August 2018 will be five years since my big brother Kris was killed in an industrial accident while at work. He was instructed to enter a tank that had not been properly cleaned, to remove a baffle; a device used to restrain the flow of a fluid, liquid or gas. The baffle was double-walled with diesel fumes trapped inside. It’s at that moment, an explosion occurred and Kris was fatally injured.

This is also the year when I’ll be the same age as Kris was when he died. For some families who experience loss, they may find it difficult when their loved ones have been gone longer than they have been living. It’s truly a weird concept when you get thinking about it! Does that officially make me the older one? This unwanted milestone reminds me that life is too short to take for granted. I often wonder if me and Kris were the same person. Us being six years apart, when he was 24, I was only an immature 18-year-old boy. I couldn’t even imagine being 24 at that point. While it was only six years apart, Kris’ wisdom often led me to believe he was much older. But now, I wonder if our values and aspirations were alike. For myself, I’m looking at purchasing my first home and hopefully flying the coop, something that he was not given the opportunity to achieve. Besides turning the same age as your deceased siblings, other age-related events can be triggers as well. Graduating from college, buying your first car, getting married and having children can be milestones that turn bittersweet after a death of a sibling. In the normal course of events, older siblings get to do all those things first. Like many times in our lives, a certain level of guilt sets in for the younger siblings when they realize they are enjoying a privilege that their older sibling did not live long enough to enjoy themselves. No matter how much more I achieve, I’ll always have the memories with my brother – the missing part of my life.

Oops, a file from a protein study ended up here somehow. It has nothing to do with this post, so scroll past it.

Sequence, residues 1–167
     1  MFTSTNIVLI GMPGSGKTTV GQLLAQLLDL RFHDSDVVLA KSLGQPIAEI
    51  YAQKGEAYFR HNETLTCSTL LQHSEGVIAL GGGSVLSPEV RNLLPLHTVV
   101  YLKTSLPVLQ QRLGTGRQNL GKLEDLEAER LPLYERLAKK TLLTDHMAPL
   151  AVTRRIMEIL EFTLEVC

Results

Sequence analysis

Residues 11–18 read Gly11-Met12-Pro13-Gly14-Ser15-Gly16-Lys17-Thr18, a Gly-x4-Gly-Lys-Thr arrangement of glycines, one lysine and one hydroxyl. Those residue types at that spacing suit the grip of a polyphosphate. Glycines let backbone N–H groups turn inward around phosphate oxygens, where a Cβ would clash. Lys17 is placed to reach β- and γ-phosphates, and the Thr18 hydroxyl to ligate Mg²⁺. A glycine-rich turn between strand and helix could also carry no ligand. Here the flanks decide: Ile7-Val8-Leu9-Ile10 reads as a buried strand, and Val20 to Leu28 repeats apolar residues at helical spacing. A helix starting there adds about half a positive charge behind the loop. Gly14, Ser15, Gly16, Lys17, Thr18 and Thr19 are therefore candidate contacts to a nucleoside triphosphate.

As the 5th-year anniversary creeps up, it feels as if I’ve achieved something. Do they give out medals for this sort of thing? The emotional roller coaster ride made that 18-year-old boy turn into a well-rounded young man who was forced to grow up and try to understand something that, at the time, made zero sense. While I don’t agree with the cliche statement “things will get better”, I can say, you learn to become the conductor of that roller coaster and allow yourself to feel that loss for as long as necessary. But you see, that’s the little catch with grief. It sneaks up on you. One day you feel like you can master the world, and the next, the sky is falling around you. And that’s okay! This is because sibling loss is so misunderstood. I know from my own experiences, I’ve received many messages that make you feel like you should be over it by now.

Most people don’t understand sibling loss until they’ve reached their golden years and their siblings pass away of old age or other health-related causes. It’s never about getting over the death, it’s about getting out of bed every day, taking off the mask and rolling with the punches on your own time. Turning 24 will no doubt come with a fear that surpassing his age would be like moving on from the one person who could beat me up without getting in trouble like the little annoying brother I was. The past few years have been pretty difficult, trying to find the new normal. While I was fortunate enough not to fall into a state of disrepair, I quickly found that self-care was the best medicine for me – eating a better diet, trying to exercise daily and reducing unneeded stress. It took me a while to understand that surpassing his age isn’t moving on from the good and bad memories or even the struggles we shared along the way, but it’s moving toward a brighter future while maintaining the mind set of who I was versus who I am today. I look forward to my future guilt-free accomplishments and knowing he would have been proud.

Read more about the sibling experience of grief, in our Fall Threads newsletter. Watch for it in September!

Alex Tuff

Alex Tuff

Alex Tuff is an occupational health and safety advisor with Newfoundland & Labrador Construction Safety Association (NLCSA). His passion for his career runs deep and he is forever committed to prevention of workplace tragedy, injury, and disease. He is a Threads of Life family member and volunteers with the speakers bureau and St. John's Steps for Life.
Alex Tuff
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